"I miss footwork that has any kind of a discernible pattern. The goal of a step sequence should not be for a skater to show the same ice coverage as a Zamboni and take about as much time as an ice resurface. " ~ Zemgirl, reflecting on a pre-IJS straight line sequence

  8. #28
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    I just smile when people complain about having to pay $200 per month for health insurance. I'm retired, am part of a huge group and still pay nearly $500 every month. That's just for me--no spouse, no kids. I'll be 65 this year and will be glad for that amount to go way down.

    Both my kids had fairly long periods of time without coverage when they were younger.
    It didn't seem to worry them, but I fretted over it. Thank God they never had a sickness or accident that required a trip to the hospital.

  9. #29
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    Regarding my previous comments, I realize many people simply can't afford $200 a month, and I didn't mean to be insensitive.

  10. #30

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    I went almost 2 years without insurance when I was laid off. COBRA for myself was $300+ per month and I just could not afford that on unemployment. The only reason I haven't quit my current job is to keep my insurance. Last year I complained about ghe high deductibles, but in hindsight, I know it beats a blank.

    I actually got an individual dental plan for just over $30 per month an it helped picked up a lot of slack my group plan doesn't. Ex: employer group plan does not cover crowns at all but this plan does. When I tried to get medical coverage thru the same broker who sold the dental plan he refused to give me a quote...he told me to tough it out with my group coverage because the deductible was enormous and the premium payments would have bought a car. I was under 40 with no pre-existing conditions.

    This year I chose group coverage that covers until you reach a spending limit of $1500 and then there is a gap in coverage until you reach another spending limit. I am healthy, so I chose that because I have not spent $1000 in medical bills including prescriptions in the last 5 years. About a month ago I walked into a store (national chain) where I slipped and fell on a wet rubber mat. I went to the emergency room, had follow up visits with my doctor, filled prescriptions, and currently going to physical therapy.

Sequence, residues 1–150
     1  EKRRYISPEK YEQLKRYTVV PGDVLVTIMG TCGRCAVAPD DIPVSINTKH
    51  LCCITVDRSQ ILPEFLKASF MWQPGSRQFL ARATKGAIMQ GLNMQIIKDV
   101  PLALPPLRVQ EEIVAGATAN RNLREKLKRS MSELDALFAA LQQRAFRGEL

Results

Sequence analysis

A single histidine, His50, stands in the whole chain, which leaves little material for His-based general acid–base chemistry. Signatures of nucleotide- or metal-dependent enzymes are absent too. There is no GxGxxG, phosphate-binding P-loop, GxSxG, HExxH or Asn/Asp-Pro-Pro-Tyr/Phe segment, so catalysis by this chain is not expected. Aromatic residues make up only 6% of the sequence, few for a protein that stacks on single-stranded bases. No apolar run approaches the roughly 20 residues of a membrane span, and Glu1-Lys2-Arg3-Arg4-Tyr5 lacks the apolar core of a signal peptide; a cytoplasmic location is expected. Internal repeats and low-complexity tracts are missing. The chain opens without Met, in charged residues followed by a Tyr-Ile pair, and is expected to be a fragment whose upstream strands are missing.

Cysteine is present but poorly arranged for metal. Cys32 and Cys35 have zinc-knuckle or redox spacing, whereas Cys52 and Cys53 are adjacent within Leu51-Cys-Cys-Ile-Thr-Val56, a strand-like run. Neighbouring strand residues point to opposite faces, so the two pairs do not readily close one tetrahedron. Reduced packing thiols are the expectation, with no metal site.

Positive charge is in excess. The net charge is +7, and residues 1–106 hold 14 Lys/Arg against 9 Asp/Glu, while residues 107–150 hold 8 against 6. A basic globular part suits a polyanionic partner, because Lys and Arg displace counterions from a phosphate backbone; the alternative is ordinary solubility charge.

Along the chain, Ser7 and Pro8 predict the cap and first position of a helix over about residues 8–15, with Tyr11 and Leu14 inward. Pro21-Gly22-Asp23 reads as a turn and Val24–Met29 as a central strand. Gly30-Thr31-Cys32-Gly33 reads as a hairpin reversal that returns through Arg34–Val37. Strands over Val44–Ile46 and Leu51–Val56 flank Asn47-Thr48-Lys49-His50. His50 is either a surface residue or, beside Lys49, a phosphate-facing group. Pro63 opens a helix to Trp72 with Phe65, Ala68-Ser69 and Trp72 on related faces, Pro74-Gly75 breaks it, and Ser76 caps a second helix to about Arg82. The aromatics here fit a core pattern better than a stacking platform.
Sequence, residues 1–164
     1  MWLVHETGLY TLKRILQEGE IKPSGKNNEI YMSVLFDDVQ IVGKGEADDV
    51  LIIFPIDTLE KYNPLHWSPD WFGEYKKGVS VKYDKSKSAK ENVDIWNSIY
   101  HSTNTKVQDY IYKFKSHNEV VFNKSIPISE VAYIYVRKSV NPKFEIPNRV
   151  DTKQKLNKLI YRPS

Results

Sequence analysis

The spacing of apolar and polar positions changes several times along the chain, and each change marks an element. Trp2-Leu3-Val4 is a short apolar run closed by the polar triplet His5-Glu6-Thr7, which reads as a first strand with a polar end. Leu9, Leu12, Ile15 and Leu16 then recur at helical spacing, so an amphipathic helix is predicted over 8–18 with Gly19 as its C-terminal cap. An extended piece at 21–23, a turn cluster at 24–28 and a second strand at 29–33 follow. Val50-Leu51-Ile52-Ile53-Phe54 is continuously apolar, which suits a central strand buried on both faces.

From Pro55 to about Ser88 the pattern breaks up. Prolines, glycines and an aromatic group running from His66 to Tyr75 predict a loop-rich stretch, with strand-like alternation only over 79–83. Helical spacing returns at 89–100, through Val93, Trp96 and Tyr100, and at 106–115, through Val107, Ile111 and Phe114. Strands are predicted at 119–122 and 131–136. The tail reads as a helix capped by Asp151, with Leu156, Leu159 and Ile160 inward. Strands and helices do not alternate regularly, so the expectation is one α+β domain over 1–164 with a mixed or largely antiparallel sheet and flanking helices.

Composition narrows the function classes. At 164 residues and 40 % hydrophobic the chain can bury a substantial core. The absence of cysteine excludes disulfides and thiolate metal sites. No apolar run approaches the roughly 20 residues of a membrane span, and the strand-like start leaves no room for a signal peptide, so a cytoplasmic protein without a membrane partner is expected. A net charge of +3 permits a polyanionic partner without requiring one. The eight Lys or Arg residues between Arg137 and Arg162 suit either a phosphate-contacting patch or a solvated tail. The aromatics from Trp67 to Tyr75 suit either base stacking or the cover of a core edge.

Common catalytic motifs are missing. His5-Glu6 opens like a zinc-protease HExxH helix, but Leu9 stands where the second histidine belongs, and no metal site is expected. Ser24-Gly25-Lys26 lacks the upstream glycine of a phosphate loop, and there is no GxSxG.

I cannot run any of this thru my insurance or I will end up in that gap period. Everyone of my bills has to be forwarded to my lawyer who collects them to be sent to the store owner. It is a pain in the ass. All I can do is thank God I did not fall on ice in front of my house because I would have had a big bill. Next year I hope there are better insurance options for all of us.
    The privilege of a lifetime is being who you are--Joseph Campbell

  11. #31

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    Yikes, FiveRinger, that fall sounds scary. I hope you're doing OK. As I'm sure your lawyer told you, your expenses should be paid by the store's insurance. You should not be responsible for any of it.

    Yes, COBRA is expensive and you can probably do better with an individual plan as long as you are healthy with no pre-existing conditions. By better, I mean it will cost a lot less and coverage will generally be what you need. I believe that if you have had insurance for the past year with no lapse in coverage, you can get a pre-existing condition exclusion waived by a new insurance company - I think. Anyone looking into this should check on that.

    If you do have pre-existing conditions and can't get an exclusion waived, your only option might be your state's high-risk pool, but that will be just as much as individual insurance, maybe more, unless you qualify for assistance.

    After I got laid off 5 years ago, I got an individual plan with United Health Care, first under Optimum Choice, which then stopped offering individual policies in my state, and then under Golden Rule. I had to keep that plan until a month ago, when I finally got a job that provided health insurance (my most recent job was a contract position). I was very grateful I had it when I broke my leg ice skating - the hospital bill for surgery and a 1-night stay was $10K. And the surgeon and anesthesiology bills were extra. And then there were the follow-up doctor visits with x-rays, and 6 months of PT.

    I wouldn't recommend anyone go without health insurance for any length of time. I've been without insurance for a month here and there when I was much younger and was between jobs or between school and a job, but I was lucky.

  12. #32

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    Quote Originally Posted by Cachoo View Post
    BaileyCatts--just curious and you don't have to answer of course. Are you under 30?